[3] War Memorial Tunnel Scoping Report, December 2010.
[4] Pro rata rate of $600 thousand per meter was derived from the $290 million cost for Option G and increasing cost by a factor of %50 to account for additional width. Not particularly scientific, but should provide a reasonable first order approximation.
[5] The Waterview Connection in Auckland can give us some guidance to the costs of deep bored tunnels. NZTA wouldn’t reveal the estimated costs for the tunnelled section until after the tendering is complete, but we know that the project includes twin-bore 3-lane tunnels at a length of 2.5 km, with other surface sections, and widening of the Northwestern for an estimated cost of $2 billion. If we assume $1.5 billion of that is just the tunnels, and an efficiency factor of around 1.5 for boring two tunnels versus just one we get an approximate cost of $400 million per kilometre. This appears to compare well to overseas projects, such as Madrid’d M-30 project (very cool to drive through, sorry no pictures).

27 - 09 - 11

it is spelt Kilbirnie

Seamonkey Madness
27 - 09 - 11

Pay no attention to the spelling pedants; great inaugural post Erentz. Look forward to reading more of your thoughts.

Kent Duston
27 - 09 - 11

Speaking just for myself – and not on behalf of any of the groups I may or may not represent – this is by far the best solution I’ve seen. The logic is impeccable, and I for one would be a huge advocate for making relatively cost-effective surface level changes, followed by a deep bore tunnel. And by the time we’re ready to set the tunneling machines to work, it should be clear whether the traffic modelers have prevailed over the peak oil modelers, or vice versa.

Thanks Erentz – it’s great to see such an innovative and thoughtful approach to the problem.

27 - 09 - 11

Interesting argument. My concern would be the seismic safety of such a large tunnel. How safe us such a large tunnel going to be in the event of an earthquake? It’s not actually on the main Wellington fault line, but surely there’d be some risk? Is that perhaps one reason why this may not already have been considered?

27 - 09 - 11

Heh, I’ve been spelling it with an ‘e’ all my life, only just now it gets pointed out to me.

Kent, feel free to advocate away. :)

jack, I don’t think the deep bore tunnel has been considered by NZTA, I sent them an email asking, but got no reply. Such tunnels tend to be very safe tho, of course they’re found in other earthquake prone places such as Japan, Seattle is planning on building one under it’s city, we’re going to do it in Auckland, and so on. Also I suspect the route would put it through more stable land than the cut-and-cover route (but I am not a geologist).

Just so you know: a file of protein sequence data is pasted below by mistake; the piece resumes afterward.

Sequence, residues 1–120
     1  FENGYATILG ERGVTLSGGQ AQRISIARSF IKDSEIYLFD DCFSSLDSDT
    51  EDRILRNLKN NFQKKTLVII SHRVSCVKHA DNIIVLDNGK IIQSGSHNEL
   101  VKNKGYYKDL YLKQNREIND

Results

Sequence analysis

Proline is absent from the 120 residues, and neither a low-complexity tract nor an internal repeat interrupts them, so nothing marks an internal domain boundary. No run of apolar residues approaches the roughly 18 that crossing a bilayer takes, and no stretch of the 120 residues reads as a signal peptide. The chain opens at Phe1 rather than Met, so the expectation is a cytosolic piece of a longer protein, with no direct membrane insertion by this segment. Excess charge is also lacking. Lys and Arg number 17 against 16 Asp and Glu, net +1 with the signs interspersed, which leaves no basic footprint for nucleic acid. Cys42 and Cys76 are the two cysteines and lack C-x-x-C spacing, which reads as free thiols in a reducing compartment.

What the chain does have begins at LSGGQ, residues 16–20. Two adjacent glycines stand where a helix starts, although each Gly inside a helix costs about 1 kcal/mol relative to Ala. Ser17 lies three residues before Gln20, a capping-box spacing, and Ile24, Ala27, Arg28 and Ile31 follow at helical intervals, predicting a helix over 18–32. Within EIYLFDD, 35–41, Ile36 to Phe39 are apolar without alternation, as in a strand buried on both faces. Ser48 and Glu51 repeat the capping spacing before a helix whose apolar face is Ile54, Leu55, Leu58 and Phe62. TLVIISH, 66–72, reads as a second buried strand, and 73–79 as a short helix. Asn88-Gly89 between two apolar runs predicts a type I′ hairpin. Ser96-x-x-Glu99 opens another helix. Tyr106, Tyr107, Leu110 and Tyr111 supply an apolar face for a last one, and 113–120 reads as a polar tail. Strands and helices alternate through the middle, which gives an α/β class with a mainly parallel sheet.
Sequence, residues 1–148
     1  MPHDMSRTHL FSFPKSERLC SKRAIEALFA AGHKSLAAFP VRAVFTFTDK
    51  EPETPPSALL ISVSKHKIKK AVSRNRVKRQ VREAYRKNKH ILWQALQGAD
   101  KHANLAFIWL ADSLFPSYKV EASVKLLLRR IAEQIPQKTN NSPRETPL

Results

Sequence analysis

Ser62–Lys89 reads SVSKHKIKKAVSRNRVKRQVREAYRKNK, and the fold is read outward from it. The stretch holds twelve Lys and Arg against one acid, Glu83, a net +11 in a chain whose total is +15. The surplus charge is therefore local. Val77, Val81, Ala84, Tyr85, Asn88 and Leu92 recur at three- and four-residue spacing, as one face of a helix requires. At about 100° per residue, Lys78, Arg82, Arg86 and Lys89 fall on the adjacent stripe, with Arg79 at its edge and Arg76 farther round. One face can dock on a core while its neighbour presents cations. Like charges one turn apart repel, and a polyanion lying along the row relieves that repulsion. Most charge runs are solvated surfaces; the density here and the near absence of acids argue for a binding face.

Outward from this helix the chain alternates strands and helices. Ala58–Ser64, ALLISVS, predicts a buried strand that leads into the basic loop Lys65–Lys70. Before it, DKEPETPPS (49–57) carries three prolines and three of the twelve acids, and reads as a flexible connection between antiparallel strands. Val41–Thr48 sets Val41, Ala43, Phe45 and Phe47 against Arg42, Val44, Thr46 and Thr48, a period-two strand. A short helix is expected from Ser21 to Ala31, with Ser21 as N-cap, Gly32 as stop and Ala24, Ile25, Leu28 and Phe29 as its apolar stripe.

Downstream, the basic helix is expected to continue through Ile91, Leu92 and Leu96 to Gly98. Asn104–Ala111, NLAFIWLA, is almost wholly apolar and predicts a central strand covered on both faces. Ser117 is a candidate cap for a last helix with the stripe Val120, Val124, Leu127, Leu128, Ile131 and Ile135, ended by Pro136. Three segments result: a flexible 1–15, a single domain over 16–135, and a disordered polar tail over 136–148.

27 - 09 - 11

Great post Erentz! I’ll read anything with maps.

Both Te Aro Tunnel and the Deep Tunnel are interesting ideas. I think each would benefit from having an all-direction intersection around Victoria and Willis Streets so that west bound traffic from the eastern suburbs can exit there for the Lambton Quay end of town.

The Deep Tunnel proposal would be too far south for traffic between Te Aro and the eastern suburbs, which would still need to use the old Mt Vic tunnel. That will need some serious work to bring it up to modern standards if it is to continue to be used for vehicle traffic. The lanes are way too narrow.

Has anyone considered west-east streets in Te Aro if the main route will be tunneled? West of Taranaki St you’d have Ghuznee St, Vivian St, Abel Smith St, whatever local street is built on the current bypass route, and Webb St. East of Taranaki St you have Vivian St and nothing else because you’re going to build a park on the bypass route. That is a serious imbalance, especially if you chose the Deep Tunnel and therefore didn’t have a tunnel between C&K Terraces and Willis St. There really isn’t any other way to shoehorn an extra local street in to the grid east of Taranaki St.

27 - 09 - 11

Hi Erentz,

Great post -the long term approach definitely appeals. I’ve also been struggling to see who this project is designed to please or what problem it is supposed to solve. Without even considering the effects on the city/urban issues -these projects move so slowly and the so called facts on the ground move much faster (traffic volumes/demand in this part of the city, peak oil etc)

One other issue that I haven’t heard get enough airtime is the Airport. If developing long haul flights goes ahead (the airport is keen and the benefits to the city are compelling –I don’t have a link but the airport published their growth projections a while back and the mid to high projection see the airport getting a lot busier) then it should carry greater weight in directing the mode and funding of any improvements to the route. Of course in that case a dedicated PT route between the city (and further afield) and the airport is even easier to make.

I guess my biggest issue (and I live on the other side of the world now so maybe miss a few things…) is with the communication for this whole project is the lack of clear benefits linked strongly with wider urban and infrastructure planning. In this I mean linking back very strongly to growth plans in the east – giving certainty about Retail development in the east, density of housing development, location of city/regional facilities (missed that bus a little bit..) and the airport and painting a clear picture about what we want, what is achievable and in what scale and time we want/need to do this.